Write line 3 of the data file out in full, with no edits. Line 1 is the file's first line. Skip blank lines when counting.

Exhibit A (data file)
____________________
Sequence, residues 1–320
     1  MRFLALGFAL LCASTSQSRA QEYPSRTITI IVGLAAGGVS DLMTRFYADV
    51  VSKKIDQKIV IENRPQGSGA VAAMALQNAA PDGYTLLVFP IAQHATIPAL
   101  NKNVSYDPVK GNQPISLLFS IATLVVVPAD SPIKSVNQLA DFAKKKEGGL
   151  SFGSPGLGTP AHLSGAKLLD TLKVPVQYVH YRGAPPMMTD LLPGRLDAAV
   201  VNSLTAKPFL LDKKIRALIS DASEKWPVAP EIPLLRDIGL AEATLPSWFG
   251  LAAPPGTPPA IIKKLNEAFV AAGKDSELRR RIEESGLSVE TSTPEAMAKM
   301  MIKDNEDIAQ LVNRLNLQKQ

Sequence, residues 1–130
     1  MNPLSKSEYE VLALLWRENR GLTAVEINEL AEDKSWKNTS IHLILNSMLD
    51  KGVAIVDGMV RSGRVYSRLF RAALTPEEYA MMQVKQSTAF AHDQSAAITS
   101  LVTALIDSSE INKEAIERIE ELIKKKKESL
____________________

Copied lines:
    51  VSKKIDQKIV IENRPQGSGA VAAMALQNAA PDGYTLLVFP IAQHATIPAL